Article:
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From left, WWALS of Georgia Power Southwest District Director Joe Brownlee, Suwannee Riverkeeper John S. Quarterman, WWALS Executive Director Gretchen Quarterman, and WWALS Testing Committee Chair Suzy Hall gather at the Troupville Boat Ramp on the Withlacoochee River near Valdosta.

HAHIRA — Aiding the attempts to clean up the Withlacoochee River, Georgia Power Foundation has provided a substantial grant to WWALS Watershed Coalition Inc. WWALS will buy more water quality testing kits and supplies with the funds, as well as other expenses related to our volunteer water quality testing program.

“Please accept our most sincere thanks for your recognition and support of WWALS Watershed Coalition and our work for clean, fishable, swimmable, boatable water,” WWALS Executive Director Gretchen Quarterman said in a news release. “We look forward to a productive water quality testing program this year.”

“We’re honored to get to help,” Georgia Power Southwest Region Director Joe Brownlee said. “One of our goals is to make sure the people of Georgia know about our great natural resources. And also that they’re safe. And y’all help do that by making awareness around water testing. And you build strong relationships, I know now, coordinating with the city of Valdosta, making sure they publish their test results. Everything seems to be working and getting better. We’re on a sharp upward curve of getting better with what we do with water and getting to enjoy it. And my little girl, I’m working for her future, and Georgia Power is. Thank y’all, thank you to the volunteer testers, and the Riverkeeper.”

Officials involved in the water testing program said the funding will be beneficial in securing needed materials.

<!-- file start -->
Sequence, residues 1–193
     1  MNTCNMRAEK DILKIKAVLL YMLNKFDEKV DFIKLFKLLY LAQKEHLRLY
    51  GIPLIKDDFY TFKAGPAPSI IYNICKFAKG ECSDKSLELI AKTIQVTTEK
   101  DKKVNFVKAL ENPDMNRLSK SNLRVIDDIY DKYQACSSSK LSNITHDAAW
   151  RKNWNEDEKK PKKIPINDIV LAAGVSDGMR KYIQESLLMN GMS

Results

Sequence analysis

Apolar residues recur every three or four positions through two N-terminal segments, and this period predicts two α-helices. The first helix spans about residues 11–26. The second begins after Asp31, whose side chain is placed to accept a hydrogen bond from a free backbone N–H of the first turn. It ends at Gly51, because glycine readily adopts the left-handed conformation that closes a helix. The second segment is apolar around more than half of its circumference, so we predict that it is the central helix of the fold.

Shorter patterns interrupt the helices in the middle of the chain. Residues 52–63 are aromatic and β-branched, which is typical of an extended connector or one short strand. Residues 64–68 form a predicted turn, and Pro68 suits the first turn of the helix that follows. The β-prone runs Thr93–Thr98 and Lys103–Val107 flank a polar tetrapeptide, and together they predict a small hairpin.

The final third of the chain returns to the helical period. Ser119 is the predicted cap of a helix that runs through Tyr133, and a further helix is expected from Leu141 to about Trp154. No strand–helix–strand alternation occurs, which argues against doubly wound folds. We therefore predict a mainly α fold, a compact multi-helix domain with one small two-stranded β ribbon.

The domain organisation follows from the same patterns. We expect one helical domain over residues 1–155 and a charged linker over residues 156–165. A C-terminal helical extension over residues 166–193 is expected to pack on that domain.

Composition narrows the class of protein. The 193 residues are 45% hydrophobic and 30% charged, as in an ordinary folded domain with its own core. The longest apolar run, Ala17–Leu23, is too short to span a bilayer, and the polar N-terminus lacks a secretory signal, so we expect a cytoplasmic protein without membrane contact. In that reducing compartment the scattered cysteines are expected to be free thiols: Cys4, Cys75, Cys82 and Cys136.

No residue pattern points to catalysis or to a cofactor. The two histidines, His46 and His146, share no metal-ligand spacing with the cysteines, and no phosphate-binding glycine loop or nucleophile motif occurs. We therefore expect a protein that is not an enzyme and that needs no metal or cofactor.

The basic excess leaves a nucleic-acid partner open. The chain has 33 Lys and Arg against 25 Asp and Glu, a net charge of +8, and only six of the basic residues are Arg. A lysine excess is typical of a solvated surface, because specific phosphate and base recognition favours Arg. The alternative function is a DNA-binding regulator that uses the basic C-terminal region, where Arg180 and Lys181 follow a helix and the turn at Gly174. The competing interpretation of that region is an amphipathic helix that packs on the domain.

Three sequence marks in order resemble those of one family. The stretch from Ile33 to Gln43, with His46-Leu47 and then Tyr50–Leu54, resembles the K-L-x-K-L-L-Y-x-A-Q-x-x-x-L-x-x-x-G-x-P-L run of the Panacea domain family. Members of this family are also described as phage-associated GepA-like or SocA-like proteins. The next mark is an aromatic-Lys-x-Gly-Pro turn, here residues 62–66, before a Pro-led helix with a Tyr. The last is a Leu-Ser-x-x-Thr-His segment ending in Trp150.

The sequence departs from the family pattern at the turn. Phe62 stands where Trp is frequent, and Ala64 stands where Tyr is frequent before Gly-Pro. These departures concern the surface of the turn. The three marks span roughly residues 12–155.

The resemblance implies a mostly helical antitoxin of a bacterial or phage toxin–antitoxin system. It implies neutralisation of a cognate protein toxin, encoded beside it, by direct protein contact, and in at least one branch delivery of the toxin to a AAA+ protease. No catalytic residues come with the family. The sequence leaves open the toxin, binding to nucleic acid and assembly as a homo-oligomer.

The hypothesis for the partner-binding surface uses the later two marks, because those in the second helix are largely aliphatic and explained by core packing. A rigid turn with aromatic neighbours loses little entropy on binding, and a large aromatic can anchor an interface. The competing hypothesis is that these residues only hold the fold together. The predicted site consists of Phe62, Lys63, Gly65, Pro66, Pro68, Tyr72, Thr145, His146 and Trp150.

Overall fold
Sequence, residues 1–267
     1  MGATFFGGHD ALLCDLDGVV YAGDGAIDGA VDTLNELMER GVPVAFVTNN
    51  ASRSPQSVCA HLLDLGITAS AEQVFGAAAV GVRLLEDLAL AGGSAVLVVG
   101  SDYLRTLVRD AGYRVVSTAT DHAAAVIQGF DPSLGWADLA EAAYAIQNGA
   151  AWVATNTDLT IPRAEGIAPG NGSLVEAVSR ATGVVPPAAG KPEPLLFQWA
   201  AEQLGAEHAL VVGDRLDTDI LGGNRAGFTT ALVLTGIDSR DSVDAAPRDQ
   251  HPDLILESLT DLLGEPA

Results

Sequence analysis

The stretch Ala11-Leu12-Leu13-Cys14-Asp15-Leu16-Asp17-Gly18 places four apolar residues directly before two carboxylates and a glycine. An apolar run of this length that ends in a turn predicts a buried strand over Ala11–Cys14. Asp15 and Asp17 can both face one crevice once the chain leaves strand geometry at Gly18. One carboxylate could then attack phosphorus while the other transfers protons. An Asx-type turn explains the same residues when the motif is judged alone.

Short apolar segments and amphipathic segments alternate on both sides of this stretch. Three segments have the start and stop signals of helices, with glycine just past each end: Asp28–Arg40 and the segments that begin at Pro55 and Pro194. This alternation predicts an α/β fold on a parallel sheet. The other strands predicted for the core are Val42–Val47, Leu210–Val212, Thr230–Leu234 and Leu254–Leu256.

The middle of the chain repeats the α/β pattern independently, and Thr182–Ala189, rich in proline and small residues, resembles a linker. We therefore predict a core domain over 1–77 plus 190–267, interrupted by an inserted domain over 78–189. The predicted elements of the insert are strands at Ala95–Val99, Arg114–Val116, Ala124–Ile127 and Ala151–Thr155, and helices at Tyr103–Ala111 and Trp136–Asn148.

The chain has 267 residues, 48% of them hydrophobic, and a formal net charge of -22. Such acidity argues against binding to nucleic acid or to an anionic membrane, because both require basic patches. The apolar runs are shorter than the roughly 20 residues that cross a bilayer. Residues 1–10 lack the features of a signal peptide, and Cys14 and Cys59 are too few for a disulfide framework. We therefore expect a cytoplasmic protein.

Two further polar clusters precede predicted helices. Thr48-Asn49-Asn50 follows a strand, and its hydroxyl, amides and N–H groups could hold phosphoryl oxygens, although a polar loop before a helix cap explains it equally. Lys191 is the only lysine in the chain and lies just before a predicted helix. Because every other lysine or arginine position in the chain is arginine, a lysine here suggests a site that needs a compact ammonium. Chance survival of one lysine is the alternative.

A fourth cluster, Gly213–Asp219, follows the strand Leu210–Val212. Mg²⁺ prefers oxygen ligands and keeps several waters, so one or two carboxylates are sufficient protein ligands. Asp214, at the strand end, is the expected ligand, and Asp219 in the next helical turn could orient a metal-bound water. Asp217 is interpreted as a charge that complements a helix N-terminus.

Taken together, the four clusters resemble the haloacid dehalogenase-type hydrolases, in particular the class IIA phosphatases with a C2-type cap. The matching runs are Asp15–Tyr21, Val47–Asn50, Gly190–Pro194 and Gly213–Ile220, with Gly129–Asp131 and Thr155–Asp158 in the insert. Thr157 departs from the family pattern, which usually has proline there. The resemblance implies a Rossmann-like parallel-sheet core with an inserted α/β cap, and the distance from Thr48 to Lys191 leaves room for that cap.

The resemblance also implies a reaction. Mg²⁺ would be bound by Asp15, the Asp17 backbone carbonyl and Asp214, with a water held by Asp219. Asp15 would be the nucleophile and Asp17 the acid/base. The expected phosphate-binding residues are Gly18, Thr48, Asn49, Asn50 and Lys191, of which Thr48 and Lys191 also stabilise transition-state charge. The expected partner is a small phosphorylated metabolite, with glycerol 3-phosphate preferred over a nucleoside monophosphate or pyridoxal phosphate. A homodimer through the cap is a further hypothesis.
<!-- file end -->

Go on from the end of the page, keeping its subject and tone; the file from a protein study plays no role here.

“The response of the Georgia Power grant and Mr. Brownlee’s comments are quite touching (to me) due to the recognition of how difficult it is for a volunteer organization to do biological water testing over a huge area,” WWALS President Tom H. Johnson Jr. said. “The grant enables regular testing that can pinpoint multisource pollution, which requires a varied response. It’s quite gratifying that both individuals and large companies realize this is a complex situation.”

“We have several testers already trained, waiting for testing kits,” WWALS Testing Committee Chair Suzy Hall said. “Thanks to Georgia Power, we can buy them kits and get them started testing. Plus we can buy enough kits to train new testers with physical distancing even during the virus pandemic.”

Persons involved in the cleanup said new materials are vital to continue testing.

“We like to think WWALS water quality testing has already done some good, helping warn people when the waterways are contaminated, helping find contamination sources, and encouraging several governmental organizations in Georgia and Florida to test more,” Suwannee Riverkeeper John Quarterman said. “With these funds from Georgia Power, we can do much more. Also, thanks to Valdosta Mayor Scott James for introducing us to Joe Brownlee.”

“The more testing, the more we can also check to see whether fixes such as fencing cattle away from waterways are actually working to improve the situation,” WWALS Science Committee Chairman Tom Potter. “Interested governmental, educational, or agricultural organizations are encouraged to contact us about that.”

Founded in June 2012, WWALS Watershed Coalition Inc. advocates for conservation and stewardship of the Withlacoochee, Willacoochee, Alapaha, Little, Santa Fe and Suwannee River watersheds in south Georgia and north Florida through education, awareness, environmental monitoring, and citizen activities.

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